In the blog post, Plumer confesses his confusion as to why the world needed another suchstudy. The survey’s authors explain that the general public remains misinformed on the issue of climate change, with about half of respondents believing that scientists are evenly divided on the question, as a recent Pew pollclearly demonstrates. Dan Kahan of Yale Law School, meanwhile, has argued at length that people tend to arrive at these types of debates with their own pre-existing cultural values. Plumer believes that this explains the generally misinformed public view.
The view that Americans hold, however, looks more rational when one considers the misinformation they regularly receive about the issue from conservative pundits and politicos and via the frequently lazy repetition of their arguments by members of the mainstream media.
This happens in a trivial way almost every day. As this Grist report notes, for instance, it happens when Sarah Palin says it’s snowing in Alaska, ergo “Global warming, my gluteus maximus,” without much pushback from the mainstream media. This is a pretty common—and ridiculous—refrain, which unfortunately is not limited to American news outlets and politicians. A recent London Review of Books article on the subject quoted a Channel 4 News anchor asking, “Should scientists admit that the drastic temperature rises they predicted have failed to materialise?” The article also notes that, “a few days later, Nature Geoscience published a paper showing summer melting on the Antarctic Peninsula at a level ‘unprecedented over the past thousand years.’”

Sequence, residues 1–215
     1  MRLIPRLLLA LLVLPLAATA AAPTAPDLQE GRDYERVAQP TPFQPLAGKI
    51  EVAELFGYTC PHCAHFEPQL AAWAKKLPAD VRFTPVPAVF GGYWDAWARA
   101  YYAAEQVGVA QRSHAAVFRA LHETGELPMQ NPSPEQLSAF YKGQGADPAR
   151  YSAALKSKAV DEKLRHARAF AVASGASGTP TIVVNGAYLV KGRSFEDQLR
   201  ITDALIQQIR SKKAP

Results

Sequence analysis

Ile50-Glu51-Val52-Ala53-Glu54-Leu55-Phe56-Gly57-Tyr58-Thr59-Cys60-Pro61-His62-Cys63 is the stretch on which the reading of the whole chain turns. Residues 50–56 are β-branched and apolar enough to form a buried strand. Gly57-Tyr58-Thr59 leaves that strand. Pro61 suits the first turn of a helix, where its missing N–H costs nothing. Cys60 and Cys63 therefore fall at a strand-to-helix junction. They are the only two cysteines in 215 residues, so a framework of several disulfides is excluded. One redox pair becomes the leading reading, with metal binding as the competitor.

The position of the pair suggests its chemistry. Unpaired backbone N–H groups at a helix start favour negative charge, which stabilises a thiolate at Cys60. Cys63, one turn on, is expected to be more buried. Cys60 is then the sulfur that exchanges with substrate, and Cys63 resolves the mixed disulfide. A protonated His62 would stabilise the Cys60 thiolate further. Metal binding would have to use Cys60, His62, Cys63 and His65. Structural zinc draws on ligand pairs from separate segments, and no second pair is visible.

I’ve written in the past on the myriad components of purposeful climate illiteracy in the media. Many U.S. meteorologists, for instance, who have no particular expertise in climatology, play the role of climate deniers to the general public in part because, according to meteorologist and writer Bob Henson, “There is a little bit of elitist-versus-populist tensions.” He explains, “There are meteorologists who feel, ‘Just because I have a bachelor’s degree doesn’t mean I don’t know what’s going on.’”